Evidence for male-biased dispersal in a reintroduced population of burrowing bettongs Bettongia lesueur at Heirisson Prong, Western Australia.
BC Parsons , JC Short and MC Calver
24(2) 219 - 224
The pattern of dispersal of burrowing bettongs (Bettongia lesueur) was studied in a population reintroduced to a peninsula protected from exotic predators at Heirisson Prong in Shark Bay, Western Australia. The reintroduced population was growing strongly in numbers and expanding in area during the study. Young were first marked in the pouch and subsequently monitored by trapping and radio-telemetry after independence to establish their movements relative to those of their mothers. B. lesueur on Heirisson Prong dispersed between the ages of 170 and 250 days, coinciding with the period from weaning to sexual maturity. Dispersal was male-biased. Young males dispersed significantly further than young females with mean dispersal distances of 4600 m and 1100 m respectively. Male B. lesueur also frequented significantly more warrens than females, being located at a mean of 0.37 warrens per daily radio-tracking fix compared with a mean of 0.24 per fix for females. Scarring from intraspecific aggression occurred in male bettongs only. Males may disperse to the periphery of the population to escape aggressive interactions with established adult males and visit more warrens to increase mating opportunities. Dispersal in females may be related to resource quality or inbreeding avoidance.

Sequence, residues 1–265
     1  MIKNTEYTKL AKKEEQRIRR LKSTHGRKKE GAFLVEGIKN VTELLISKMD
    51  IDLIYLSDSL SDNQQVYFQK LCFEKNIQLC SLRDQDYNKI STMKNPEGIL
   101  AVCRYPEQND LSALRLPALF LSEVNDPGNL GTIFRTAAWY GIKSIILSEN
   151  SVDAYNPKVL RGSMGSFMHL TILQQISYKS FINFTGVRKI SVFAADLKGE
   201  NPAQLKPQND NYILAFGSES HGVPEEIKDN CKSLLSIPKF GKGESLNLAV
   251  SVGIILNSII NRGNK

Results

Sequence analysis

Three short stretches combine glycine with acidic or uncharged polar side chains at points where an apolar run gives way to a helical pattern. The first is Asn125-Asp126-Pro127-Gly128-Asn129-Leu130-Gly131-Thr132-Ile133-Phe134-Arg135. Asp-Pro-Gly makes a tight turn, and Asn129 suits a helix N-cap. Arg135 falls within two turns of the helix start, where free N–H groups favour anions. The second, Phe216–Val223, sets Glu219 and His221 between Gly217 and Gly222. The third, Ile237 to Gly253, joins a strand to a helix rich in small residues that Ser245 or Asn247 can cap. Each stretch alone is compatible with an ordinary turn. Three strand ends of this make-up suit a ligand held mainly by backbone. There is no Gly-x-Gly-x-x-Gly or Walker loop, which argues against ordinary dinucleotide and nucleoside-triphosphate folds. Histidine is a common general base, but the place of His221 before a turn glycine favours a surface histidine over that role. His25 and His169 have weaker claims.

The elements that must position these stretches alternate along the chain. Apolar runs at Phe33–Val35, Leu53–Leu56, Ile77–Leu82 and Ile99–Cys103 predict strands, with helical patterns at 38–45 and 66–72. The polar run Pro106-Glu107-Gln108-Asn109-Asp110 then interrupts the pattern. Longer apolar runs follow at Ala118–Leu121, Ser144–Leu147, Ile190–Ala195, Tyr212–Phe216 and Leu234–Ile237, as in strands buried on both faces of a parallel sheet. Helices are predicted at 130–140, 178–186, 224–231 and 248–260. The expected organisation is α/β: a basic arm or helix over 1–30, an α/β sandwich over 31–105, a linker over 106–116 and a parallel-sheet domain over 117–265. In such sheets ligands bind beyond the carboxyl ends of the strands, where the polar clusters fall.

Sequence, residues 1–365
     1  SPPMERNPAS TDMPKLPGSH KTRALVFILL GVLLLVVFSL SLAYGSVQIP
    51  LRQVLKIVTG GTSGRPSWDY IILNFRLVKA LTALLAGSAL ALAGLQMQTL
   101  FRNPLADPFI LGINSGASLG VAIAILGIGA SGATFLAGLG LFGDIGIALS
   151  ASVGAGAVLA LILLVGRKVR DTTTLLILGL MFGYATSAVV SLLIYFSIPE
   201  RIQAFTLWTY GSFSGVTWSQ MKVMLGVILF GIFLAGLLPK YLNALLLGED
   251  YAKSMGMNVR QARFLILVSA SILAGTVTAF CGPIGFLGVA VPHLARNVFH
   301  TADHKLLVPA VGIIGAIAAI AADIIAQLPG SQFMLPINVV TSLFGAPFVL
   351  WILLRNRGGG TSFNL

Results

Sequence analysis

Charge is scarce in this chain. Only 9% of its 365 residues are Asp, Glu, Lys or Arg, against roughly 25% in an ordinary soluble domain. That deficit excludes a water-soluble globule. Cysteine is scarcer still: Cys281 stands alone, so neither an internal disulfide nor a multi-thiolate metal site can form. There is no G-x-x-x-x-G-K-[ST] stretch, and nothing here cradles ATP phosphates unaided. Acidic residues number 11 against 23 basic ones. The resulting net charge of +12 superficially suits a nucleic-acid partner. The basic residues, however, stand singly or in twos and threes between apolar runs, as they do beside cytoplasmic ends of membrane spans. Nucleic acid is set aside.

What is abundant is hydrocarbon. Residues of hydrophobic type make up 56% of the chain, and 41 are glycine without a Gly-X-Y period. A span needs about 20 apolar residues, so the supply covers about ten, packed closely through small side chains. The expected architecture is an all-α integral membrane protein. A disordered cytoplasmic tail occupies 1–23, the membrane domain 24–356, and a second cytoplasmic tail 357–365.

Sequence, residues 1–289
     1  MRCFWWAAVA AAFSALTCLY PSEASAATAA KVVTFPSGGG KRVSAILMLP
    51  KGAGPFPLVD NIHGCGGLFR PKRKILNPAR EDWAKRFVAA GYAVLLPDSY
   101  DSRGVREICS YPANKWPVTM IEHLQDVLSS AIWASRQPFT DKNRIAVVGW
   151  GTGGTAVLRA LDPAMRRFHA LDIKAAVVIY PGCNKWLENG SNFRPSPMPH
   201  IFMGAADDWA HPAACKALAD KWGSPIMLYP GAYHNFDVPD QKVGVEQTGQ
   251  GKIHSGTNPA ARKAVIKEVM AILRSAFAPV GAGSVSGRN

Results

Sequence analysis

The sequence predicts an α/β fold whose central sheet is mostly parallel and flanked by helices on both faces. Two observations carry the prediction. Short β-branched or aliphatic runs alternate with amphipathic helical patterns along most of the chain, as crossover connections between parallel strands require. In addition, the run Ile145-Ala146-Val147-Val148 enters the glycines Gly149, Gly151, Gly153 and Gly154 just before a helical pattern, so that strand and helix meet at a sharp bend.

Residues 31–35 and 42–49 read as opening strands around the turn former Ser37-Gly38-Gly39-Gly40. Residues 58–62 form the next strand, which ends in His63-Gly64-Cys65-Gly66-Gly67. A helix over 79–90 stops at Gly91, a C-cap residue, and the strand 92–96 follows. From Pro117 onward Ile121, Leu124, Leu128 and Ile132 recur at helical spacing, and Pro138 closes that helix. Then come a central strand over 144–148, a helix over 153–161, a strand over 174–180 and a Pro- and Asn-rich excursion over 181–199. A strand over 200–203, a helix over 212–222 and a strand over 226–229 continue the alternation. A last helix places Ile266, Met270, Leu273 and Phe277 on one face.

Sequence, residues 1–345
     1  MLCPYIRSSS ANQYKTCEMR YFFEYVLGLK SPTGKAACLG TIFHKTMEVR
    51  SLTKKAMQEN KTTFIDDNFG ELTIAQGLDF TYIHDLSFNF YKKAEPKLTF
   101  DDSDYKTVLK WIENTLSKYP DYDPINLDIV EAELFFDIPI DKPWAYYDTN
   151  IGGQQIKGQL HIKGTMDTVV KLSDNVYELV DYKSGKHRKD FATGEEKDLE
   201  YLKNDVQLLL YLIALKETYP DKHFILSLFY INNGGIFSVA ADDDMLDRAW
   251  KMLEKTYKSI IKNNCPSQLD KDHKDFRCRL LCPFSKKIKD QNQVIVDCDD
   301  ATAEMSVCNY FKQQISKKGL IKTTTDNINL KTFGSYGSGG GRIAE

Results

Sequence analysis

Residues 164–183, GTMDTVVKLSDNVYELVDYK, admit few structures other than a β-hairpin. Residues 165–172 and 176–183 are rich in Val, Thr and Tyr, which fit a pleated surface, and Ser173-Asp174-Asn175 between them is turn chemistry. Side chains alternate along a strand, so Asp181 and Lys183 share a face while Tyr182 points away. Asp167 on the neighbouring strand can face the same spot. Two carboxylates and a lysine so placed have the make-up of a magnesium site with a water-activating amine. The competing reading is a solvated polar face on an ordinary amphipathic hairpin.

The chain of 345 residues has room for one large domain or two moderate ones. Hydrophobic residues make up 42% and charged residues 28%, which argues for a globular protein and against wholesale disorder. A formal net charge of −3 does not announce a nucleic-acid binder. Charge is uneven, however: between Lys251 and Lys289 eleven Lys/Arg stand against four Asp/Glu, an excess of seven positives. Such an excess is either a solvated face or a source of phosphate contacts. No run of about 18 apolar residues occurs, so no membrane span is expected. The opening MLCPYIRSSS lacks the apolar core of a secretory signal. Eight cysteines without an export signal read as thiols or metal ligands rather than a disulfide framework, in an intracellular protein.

Full text doi:10.1071/AM02219
© Australian Mammal Society 2002